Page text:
US Census, 1860, Ward 4, Atlanta, Fulton, Georgia

Citing Sources

Unless we have sources, genealogical research is reduced to unconfirmed stories and myths.

Our memories are wonderful and faulty. People change “facts” to fit their worldview or some idealized perception of the past.

Why sources are important

Stories are great, as long as you situate the story in context by citing the source. There’s no documented source for my Mother’s slightly mangled fingernail, so any statement about that would need to be cited as a family story or from an oral history by my Mother. (She wasn’t supposed to be cracking walnuts with a hammer…)

On the other hand, if I say that J.H Fuller was a Railroad Conductor in Atlanta Georgia in 1860, I would need to back up that fact with a link to a source document (it’s also in the image above, though that isn’t quite specific enough!).

Providing access to the source document is also important to correct an errors that might creep in. For example, was Mr. Fuller’s middle initial really “H”?? You can go look for yourself. We can compare the handwriting of other characters to decide.

What is a source?

A source is a document or other information that substantiates an assertion of fact. More reliable sources are usually generated near the time of an occurrence. For example, a birth certificate is generally a more reliable source of date of birth than a death certificate. Census records are reliable for place of residence and often for family relationships, though often have errors in the (calculated) date of birth.

Other sources include tax records, marriage records, Social Security records, and Family Bibles (though unreliable especially if all the writing seems to have been done at one time). Cemeteries also contain valuable sources of dates and sometimes indicate family relationships by the grouping of graves or shared grave markers (tho not always!!), though this is subject to interpretation. Providing the original source allows other researcher to make their own assessment of the information.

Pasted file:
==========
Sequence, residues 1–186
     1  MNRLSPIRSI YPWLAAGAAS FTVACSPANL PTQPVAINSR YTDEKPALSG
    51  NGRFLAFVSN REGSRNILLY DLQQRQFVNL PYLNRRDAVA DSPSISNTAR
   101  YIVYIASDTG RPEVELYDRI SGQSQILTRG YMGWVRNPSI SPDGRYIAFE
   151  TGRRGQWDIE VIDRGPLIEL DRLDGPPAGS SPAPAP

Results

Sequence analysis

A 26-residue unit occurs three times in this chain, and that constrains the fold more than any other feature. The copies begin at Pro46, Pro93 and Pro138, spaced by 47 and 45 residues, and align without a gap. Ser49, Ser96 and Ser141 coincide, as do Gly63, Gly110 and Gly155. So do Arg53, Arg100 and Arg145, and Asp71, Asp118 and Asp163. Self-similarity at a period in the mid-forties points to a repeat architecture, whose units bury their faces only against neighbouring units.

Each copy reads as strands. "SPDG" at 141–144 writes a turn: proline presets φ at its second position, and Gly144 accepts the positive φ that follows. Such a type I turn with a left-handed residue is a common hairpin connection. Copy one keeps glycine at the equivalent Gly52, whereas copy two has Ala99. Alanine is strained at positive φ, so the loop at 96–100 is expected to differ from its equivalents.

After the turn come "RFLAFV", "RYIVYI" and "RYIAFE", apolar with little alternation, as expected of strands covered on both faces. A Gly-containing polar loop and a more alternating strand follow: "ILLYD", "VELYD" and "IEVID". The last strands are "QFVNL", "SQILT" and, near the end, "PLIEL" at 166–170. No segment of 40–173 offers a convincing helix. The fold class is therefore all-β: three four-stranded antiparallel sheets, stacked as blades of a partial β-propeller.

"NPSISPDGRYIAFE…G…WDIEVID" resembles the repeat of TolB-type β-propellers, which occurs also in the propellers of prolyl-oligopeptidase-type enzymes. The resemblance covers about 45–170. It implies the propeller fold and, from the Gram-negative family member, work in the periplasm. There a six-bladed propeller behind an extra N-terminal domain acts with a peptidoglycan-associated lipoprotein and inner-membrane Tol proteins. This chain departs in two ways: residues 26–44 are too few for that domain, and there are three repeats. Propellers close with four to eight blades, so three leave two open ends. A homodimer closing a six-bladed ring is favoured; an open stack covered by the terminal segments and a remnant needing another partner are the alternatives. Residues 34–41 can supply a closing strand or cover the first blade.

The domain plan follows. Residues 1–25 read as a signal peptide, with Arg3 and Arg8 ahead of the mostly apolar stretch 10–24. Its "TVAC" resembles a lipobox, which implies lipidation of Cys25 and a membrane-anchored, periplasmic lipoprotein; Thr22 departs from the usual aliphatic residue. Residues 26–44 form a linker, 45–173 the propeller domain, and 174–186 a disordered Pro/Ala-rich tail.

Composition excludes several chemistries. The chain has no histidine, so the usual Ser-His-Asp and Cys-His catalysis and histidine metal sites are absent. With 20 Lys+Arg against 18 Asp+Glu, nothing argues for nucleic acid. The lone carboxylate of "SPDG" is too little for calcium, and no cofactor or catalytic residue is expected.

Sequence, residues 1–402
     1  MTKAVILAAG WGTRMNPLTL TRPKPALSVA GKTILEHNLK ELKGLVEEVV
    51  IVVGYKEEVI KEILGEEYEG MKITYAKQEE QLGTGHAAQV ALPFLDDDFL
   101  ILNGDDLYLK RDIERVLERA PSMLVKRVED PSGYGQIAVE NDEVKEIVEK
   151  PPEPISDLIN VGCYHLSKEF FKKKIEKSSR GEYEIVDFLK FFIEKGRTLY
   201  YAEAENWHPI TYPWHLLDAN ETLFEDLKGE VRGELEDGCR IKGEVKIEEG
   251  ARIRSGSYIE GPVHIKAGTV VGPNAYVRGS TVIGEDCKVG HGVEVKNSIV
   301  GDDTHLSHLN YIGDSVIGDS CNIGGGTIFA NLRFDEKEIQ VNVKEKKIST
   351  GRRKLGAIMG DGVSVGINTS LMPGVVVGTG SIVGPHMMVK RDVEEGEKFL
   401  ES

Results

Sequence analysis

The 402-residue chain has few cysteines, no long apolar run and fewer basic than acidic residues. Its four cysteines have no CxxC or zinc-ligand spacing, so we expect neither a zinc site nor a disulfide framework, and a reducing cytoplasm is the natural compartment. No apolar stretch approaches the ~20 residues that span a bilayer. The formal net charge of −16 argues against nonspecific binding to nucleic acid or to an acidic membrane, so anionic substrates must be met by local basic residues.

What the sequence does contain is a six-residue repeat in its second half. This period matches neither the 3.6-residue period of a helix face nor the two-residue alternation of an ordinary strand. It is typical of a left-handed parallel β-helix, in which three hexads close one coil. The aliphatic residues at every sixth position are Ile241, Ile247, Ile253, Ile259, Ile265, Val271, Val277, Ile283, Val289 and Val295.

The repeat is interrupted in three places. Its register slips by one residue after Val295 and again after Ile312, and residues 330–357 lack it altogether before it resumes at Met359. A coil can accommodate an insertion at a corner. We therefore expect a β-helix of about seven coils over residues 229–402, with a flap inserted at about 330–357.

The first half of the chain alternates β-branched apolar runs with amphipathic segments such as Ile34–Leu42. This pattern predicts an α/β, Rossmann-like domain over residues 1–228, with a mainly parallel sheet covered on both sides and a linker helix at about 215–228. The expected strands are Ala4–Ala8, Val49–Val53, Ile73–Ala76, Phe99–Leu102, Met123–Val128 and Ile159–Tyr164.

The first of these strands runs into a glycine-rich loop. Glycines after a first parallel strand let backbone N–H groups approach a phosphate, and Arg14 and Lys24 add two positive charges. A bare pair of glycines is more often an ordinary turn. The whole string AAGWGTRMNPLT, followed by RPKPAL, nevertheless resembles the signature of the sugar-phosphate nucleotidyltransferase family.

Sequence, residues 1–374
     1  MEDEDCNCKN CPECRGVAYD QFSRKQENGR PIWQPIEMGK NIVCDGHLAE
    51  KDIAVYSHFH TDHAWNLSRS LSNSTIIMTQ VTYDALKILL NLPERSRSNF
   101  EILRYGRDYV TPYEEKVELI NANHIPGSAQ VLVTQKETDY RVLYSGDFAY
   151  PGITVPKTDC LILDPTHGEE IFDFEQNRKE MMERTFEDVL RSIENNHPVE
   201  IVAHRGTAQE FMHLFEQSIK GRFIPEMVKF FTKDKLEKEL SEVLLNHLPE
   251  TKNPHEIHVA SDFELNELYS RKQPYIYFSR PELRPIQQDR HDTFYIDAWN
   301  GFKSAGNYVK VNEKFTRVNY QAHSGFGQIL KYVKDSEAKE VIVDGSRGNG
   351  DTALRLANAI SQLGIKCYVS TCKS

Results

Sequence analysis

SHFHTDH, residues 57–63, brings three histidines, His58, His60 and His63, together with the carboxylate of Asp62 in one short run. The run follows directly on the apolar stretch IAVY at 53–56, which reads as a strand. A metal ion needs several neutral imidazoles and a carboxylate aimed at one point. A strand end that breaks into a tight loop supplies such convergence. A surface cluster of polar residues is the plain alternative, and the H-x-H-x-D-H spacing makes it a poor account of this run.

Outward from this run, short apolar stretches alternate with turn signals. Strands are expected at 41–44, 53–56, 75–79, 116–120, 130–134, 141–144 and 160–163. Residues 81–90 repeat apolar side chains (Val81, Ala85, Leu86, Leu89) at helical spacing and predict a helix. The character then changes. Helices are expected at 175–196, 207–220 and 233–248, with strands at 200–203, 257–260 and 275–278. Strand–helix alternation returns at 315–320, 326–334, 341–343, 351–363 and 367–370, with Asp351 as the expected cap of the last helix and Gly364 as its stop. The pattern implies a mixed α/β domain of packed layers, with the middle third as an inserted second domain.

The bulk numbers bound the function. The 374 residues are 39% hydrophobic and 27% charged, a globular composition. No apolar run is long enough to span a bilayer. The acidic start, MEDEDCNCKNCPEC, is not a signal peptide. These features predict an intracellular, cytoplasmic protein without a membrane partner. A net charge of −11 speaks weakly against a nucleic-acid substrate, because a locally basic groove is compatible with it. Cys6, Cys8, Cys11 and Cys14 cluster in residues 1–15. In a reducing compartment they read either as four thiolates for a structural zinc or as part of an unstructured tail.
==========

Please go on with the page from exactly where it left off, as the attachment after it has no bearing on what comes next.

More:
What is *not* a source?

Many people have written to me that their source is “” or “Find a Grave.” These are not sources. The Census records or grave markers are sources. The website itself is not a source, it holds sources and allows us to access those sources. As great as Find a Grave is, much of the information on the memorial pages is not authoritative – does not qualify as a “source.” Just because a parent or spouse is linked does not make it so. Documents can be uploaded, and can be source as long as a caption is added with the origin of the document.

How to cite sources

Whatever system you may be using to assemble your family history should have some built-in mechanism to record sources. On, every person’s record has a whole tab dedicated to connecting source records to the persons listed in the source document. My original J.H. Fuller does not yet have such a page, though a J.H. Fuller born about the same time was living in nearby Marietta in the same Census does have his Census record attached to his page.

Other software or tree-building service should have a similar mechanism – learn it and use it. If you are keeping records outside of such software, you will need to devise a clear way to keep such info. It helps if you Document AS YOU GO!

For more informal use cases, it is often sufficient to just include a hyperlink to the online service’s page holding the document or transcript. For my above example, the link to the transcript is

For more detailed citations, you would include where the information was found. There are many “standard” formats, the preferred style is the Evidence Style, developed by Elizabeth Shown Mills.

Don’t let perfect be the enemy of the good.

Badly-formatted citations are better than no citations! A simple link is much better than having to redo the research from scratch.

Share what you find. Don’t trust your memory and always evaluate the source of facts.

Taking it further

There are many good resources online to learn more. Here are a few:

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